Raised Gardens

Congratulations on your decision to start a garden! The weather has been enticing you to get your hands dirty, you've explored your soil preparation options (see Week 1 video and Soil 101), and now you're ready to get started!  So what's next?  Spend a few minutes with WBTV meteorologist Jim Lytle and Mike Bishop from Blue Max Materials to see if a raised garden is right for you!

More information:

What is a raised garden?  Simply put, it's building your garden above ground instead of in the ground.  Now why would you want to do that?  There are several compelling reasons:

  • It looks great!  Your garden bed is neat and organized and makes an aesthetically pleasing addition to your backyard.
  • Soil preparation is much easier - you just till up the top few inches of the existing soil and then dump a blended topsoil like Blue Max Materials' Garden Max on top.   The soil will drain more effectively, your plants' roots will love the breathing room, and your vegetables or flowers will grow, grow, grow!  (Various studies have shown that raised garden beds produce 1.4 to 2 times as many vegetables and flowers per square foot as ordinary beds.)
  • Since your garden is closer to you (it's raised after all!), there's no more bending over to pull weeds or harvest your vegetables - you can sit on a stool or put a seat on your garden cart!

Raised garden beds (photo courtesy of Bob Hogue).

So how do I build this raised garden?   First choose the material to border your garden.  Options include lumber, railroad ties, natural stone in a stacked stone wall, retaining wall materials, river rock, brick - the choices here are limited only by your imagination and your budget.  Consider such things as the look you're trying to achieve, longevity (stone lasts longer than wood) and durability (a retaining wall material is more "kid-proof" than a stacked stone wall).  The people at Blue Max Materials can help you explore different options.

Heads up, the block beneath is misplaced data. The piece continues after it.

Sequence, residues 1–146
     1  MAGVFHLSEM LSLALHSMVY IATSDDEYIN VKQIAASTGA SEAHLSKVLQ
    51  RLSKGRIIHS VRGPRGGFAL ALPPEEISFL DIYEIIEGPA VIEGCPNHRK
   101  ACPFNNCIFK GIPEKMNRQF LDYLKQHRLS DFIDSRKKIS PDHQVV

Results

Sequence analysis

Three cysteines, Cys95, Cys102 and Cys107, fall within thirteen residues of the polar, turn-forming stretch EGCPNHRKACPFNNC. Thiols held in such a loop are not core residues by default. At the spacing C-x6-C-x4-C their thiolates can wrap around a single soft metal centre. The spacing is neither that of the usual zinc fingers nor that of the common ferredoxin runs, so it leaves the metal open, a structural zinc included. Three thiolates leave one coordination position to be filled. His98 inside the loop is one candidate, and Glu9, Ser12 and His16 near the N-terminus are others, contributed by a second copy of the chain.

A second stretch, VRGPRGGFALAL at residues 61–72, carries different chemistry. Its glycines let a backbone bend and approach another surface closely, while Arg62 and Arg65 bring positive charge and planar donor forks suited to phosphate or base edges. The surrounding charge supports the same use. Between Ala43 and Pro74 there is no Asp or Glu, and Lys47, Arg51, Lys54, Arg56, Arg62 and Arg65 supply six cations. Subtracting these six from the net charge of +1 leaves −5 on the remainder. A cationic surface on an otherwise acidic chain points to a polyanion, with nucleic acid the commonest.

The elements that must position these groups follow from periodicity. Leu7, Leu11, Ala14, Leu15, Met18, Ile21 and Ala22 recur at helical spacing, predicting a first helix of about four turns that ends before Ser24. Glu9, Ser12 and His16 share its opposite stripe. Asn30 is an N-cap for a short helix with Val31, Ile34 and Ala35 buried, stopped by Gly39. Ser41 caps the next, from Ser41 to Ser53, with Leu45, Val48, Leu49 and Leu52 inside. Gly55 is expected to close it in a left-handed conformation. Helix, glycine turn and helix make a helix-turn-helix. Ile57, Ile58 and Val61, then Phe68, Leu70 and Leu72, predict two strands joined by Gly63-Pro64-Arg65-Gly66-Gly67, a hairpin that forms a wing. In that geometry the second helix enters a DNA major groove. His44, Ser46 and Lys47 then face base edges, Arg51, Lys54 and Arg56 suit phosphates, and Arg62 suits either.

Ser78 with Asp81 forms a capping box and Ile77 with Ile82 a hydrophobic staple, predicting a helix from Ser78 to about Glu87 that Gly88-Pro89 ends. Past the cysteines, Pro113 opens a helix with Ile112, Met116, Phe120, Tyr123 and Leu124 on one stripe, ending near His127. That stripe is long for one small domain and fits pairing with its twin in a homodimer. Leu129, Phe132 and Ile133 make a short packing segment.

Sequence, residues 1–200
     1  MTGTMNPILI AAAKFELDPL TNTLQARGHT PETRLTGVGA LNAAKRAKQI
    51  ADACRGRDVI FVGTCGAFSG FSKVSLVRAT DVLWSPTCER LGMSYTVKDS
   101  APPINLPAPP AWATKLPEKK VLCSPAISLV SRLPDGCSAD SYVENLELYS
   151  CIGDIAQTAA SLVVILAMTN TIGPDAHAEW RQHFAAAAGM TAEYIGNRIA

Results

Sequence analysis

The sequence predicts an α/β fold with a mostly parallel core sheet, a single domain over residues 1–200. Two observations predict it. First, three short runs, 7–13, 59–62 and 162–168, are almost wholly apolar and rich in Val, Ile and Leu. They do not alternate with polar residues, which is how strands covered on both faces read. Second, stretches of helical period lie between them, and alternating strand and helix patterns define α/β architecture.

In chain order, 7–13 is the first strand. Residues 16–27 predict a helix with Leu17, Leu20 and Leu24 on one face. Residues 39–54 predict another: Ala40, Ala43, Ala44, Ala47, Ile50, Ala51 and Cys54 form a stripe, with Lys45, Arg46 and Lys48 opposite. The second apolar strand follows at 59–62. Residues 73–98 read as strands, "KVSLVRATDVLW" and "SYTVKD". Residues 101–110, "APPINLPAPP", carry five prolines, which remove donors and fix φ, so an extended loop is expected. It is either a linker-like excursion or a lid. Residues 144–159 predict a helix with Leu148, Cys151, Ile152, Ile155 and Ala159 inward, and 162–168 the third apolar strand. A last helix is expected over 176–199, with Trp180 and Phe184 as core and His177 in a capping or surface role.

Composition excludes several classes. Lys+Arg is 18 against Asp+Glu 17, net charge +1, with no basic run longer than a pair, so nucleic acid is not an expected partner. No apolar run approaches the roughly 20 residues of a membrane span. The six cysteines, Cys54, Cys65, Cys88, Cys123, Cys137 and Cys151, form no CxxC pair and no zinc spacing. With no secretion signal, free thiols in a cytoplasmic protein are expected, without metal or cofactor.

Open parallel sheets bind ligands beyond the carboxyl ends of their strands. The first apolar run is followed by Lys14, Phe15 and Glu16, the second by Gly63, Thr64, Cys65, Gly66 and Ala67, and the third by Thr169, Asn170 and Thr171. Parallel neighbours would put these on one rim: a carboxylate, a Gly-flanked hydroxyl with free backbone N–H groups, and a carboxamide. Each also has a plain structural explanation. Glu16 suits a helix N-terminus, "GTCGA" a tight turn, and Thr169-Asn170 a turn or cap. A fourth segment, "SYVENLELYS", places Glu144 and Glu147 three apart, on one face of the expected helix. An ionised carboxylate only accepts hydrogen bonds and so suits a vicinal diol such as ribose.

Second, lay out your garden with stakes and string.  You will want to lay it out so that you can reach all of it from paths surrounding the garden so you don't have to step into the garden itself.  With this type of design, your entire garden bed can actually be used for plants instead of having to leave room to walk around the plants.  This reduces soil compaction and allows for more productivity in your garden.

Measuring for a raised garden bed.

Third, till up the soil a few inches down in your garden bed, either with a roto-tiller or a spade.  This does not have to be pretty or very deep - the intent is to loosen the top layer of soil (ie, clay in the Charlotte area) to allow water to drain through the raised bed to the ground below, especially during heavy rains.

Now you're ready to build your wall and fill the area with topsoil.  The depth of the topsoil will be determined by the type of plants you're putting in; most vegetable and flower gardens need a 12" depth to allow for root expansion while trees and shrubs will require greater depths.

Installing stacked stone wall around raised garden bed at Baxter St. Community Garden in downtown Charlotte. 

Beds are 10'x10' per specifications by Mecklenburg County Parks & Recreation.

For more information, visit www.bluemaxmaterials.com.